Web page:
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Anti-personnel canister
6701848 Anti-personnel canister
Patent Drawings:Drawing: 6701848-2    Drawing: 6701848-3    
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Inventor: Georgantzis, et al.
Date Issued: March 9, 2004
Application: 10/065,673
Filed: November 7, 2002
Inventors: Georgantzis; Peter (E. Stroudsburg, PA)
Hudgins; Henry E. (Lord's Valley, PA)
Paredes; Angel F. (Oradell, NJ)
Scheper; Eric P. (Essex Fells, NJ)
Assignee: The United States of America as represented by the Secretary of the Army (Washington, DC)
Primary Examiner: Jordan; Charles T.
Assistant Examiner: Hayes; Bret
Attorney Or Agent: Sachs; Michael C.Moran; John F.
U.S. Class: 102/449; 102/462; 102/506; 102/522
Field Of Search: 102/506; 102/393; 102/494; 102/489; 102/449; 102/450; 102/451; 102/452; 102/453; 102/462; 102/463; 102/522
International Class:
U.S Patent Documents: 2343818; 3602143; 3670651; 3802345; 4211169; 4220090; 4913054; 5648637; 5796031; 5939664; 5963776; 5970878
Foreign Patent Documents:
Other References:









Abstract: An anti-personnel canister includes a generally cylindrical container having side walls, the side walls defining an enclosure with a generally concave surface at one end and an opening at another end; the side walls having an outer surface, the outer surface including a plurality of longitudinal grooves formed therein and, below the plurality of longitudinal grooves, a circumferential obturator groove; a plurality of submunitions disposed in the enclosure; a spacer disposed in the enclosure between the plurality of submunitions and the opening; and a cap disposed on the opening of the container, the cap having a top surface and including a pair of orthogonal grooves formed on the top surface.
Claim: What is claimed is:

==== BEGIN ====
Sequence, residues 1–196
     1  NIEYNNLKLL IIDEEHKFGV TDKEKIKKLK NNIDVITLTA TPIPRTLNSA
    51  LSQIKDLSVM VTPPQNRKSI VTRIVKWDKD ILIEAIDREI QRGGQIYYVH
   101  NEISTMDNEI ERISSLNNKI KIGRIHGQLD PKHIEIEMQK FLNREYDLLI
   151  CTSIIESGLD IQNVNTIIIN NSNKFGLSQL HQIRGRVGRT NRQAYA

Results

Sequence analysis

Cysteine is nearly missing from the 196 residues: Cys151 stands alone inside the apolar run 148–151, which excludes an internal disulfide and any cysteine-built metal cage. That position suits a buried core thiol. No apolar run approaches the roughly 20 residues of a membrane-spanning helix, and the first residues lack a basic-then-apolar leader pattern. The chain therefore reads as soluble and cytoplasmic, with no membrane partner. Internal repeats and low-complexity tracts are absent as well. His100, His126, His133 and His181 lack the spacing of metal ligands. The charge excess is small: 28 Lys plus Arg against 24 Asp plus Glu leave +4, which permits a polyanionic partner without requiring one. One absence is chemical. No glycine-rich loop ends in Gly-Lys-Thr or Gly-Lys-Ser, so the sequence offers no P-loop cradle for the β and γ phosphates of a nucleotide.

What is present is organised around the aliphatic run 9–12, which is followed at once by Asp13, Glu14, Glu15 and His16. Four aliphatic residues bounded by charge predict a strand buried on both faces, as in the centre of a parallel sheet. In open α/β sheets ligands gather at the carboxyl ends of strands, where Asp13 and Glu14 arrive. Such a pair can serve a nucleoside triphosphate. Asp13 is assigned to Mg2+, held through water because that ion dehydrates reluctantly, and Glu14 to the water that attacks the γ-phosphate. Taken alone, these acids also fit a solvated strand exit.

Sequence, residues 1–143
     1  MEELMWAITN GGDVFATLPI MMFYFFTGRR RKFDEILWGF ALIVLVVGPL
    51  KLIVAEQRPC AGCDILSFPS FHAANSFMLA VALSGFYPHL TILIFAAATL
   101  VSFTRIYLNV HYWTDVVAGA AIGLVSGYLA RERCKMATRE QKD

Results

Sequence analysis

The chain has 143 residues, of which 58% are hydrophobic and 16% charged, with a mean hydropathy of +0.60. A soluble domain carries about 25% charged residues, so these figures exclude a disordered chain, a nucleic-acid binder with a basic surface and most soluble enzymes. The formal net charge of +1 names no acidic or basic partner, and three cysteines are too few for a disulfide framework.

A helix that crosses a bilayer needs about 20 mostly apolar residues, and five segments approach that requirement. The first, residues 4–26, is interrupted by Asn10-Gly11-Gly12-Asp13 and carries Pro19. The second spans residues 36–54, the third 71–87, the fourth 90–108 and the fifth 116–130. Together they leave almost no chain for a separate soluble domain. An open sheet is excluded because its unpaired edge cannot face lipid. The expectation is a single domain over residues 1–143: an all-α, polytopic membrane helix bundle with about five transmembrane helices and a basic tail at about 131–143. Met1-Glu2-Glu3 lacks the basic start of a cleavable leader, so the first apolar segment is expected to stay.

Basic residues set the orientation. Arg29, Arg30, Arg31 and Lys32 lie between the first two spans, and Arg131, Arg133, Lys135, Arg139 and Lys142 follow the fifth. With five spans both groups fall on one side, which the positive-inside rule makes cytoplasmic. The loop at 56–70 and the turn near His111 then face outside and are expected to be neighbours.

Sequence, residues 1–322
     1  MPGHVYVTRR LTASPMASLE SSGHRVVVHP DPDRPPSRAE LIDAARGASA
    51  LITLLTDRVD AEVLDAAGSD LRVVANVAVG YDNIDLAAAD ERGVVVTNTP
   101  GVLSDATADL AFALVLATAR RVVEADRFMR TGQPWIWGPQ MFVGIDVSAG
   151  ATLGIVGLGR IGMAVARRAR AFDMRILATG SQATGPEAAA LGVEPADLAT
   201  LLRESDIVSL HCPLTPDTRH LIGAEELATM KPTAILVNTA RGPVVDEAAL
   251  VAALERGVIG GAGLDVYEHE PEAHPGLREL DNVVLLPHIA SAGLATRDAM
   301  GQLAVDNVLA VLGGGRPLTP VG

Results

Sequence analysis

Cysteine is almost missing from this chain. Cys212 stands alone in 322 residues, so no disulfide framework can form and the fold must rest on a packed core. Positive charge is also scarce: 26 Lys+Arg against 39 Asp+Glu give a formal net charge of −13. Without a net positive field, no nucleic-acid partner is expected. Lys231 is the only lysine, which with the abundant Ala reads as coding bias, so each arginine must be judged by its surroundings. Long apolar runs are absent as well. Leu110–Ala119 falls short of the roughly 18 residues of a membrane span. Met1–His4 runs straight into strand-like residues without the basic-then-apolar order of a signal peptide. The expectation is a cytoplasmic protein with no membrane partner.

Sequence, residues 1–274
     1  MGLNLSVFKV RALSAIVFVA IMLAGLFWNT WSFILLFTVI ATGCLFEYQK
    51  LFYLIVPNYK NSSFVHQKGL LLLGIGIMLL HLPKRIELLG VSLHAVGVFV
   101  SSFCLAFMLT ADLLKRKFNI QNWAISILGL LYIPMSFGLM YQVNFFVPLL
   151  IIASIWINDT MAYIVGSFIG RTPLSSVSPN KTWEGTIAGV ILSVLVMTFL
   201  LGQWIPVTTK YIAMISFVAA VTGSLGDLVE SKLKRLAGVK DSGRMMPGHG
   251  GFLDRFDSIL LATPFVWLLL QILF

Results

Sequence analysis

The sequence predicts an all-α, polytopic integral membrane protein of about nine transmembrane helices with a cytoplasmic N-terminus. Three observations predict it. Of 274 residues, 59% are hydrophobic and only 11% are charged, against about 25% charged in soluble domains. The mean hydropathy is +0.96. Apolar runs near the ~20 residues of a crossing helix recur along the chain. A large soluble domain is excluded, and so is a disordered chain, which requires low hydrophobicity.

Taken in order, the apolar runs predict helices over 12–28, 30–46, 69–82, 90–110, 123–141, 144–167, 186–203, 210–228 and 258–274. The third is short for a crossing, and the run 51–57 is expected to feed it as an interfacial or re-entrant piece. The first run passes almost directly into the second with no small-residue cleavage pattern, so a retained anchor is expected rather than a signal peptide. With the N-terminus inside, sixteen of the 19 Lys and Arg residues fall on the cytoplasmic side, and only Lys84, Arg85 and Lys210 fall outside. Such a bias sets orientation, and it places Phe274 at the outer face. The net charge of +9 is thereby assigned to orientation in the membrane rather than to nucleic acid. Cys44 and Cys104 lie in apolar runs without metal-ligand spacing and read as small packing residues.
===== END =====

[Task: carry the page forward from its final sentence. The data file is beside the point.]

1. An anti-personnel canister to be fired from a gun tube, comprising: a generally cylindrical container having side walls, the side walls defining an enclosure with agenerally concave surface at one end and an opening at another end; the side walls having an outer surface, the outer surface including a plurality of longitudinal grooves formed therein and, below the plurality of longitudinal grooves, acircumferential obturator groove; a plurality of submunitions disposed in the enclosure; a spacer disposed in the enclosure between the plurality of submunitions and the opening; a cap disposed on the opening of the container, the cap having a topsurface and including stress grooves formed on the top surface; and wherein after the canister exits the gun tube, air pressure bearing on the stress grooves in the cap, coupled with the longitudinal grooves of the side walls and a centrifugal forceresulting from a rifled spinning of the canister in the gun tube, cause the canister to break apart, allowing the submunitions contained in the container to be deployed.

2. The canister of claim 1 wherein the submunitions comprise one of balls, rectangular prisms and flechettes.

3. The canister of claim 2 wherein the balls comprise tungsten.

4. The canister of claim 2 wherein the rectangular prisms comprise steel.

5. The canister of claim 3 wherein a number of balls is in the range of about 800 to about 1000.

6. The canister of claim 1 wherein the plurality of longitudinal grooves are equally spaced around a circumference of the side walls.

7. The canister of claim 6 wherein a number of longitudinal grooves is four.

8. The canister of claim 1 further comprising an obturator disposed in the obturator groove.

9. The canister of claim 8 further comprising a slip band disposed in the obturator groove beneath the obturator to reduce spin imparted to the canister by rifling in the gun tube.

10. The canister of claim 1 wherein a bottom surface of the cap includes a concave portion.

11. The canister of claim 10 wherein a thickness of the cap at the concave portion is about 0.225 inches.

12. The canister of claim 11 wherein a depth of the pair of orthogonal stress grooves is about 0.15 inches.

13. The canister of claim 12 wherein a width of the pair of grooves is about 0.16 inches.

14. The canister of claim 1 wherein the cap includes external threads that mate with internal threads on an inner surface of the side walls.

15. The canister of claim 7 wherein a width of the longitudinal grooves is about 0.065 inches.

16. The canister of claim 15 wherein a depth of the longitudinal grooves is about 0.055 inches.

17. The canister of claim 1 wherein an outside diameter of the container is about 4.128 inches.

18. The canister of claim 16 wherein a thickness of the side walls is about 0.239 inches.

19. The canister of claim 1 wherein the outer surface of the side walls includes a circumferential cartridge attachment groove disposed below the obturator groove for attaching the container to a cartridge case.

20. The canister of claim 19 wherein the cartridge case is a 105 mm cartridge case.
Description: FEDERAL RESEARCH STATEMENT

[The inventions described herein may be manufactured, used and licensed by or for the U.S. Government for U.S. Government purposes.]

BACKGROUND OF INVENTION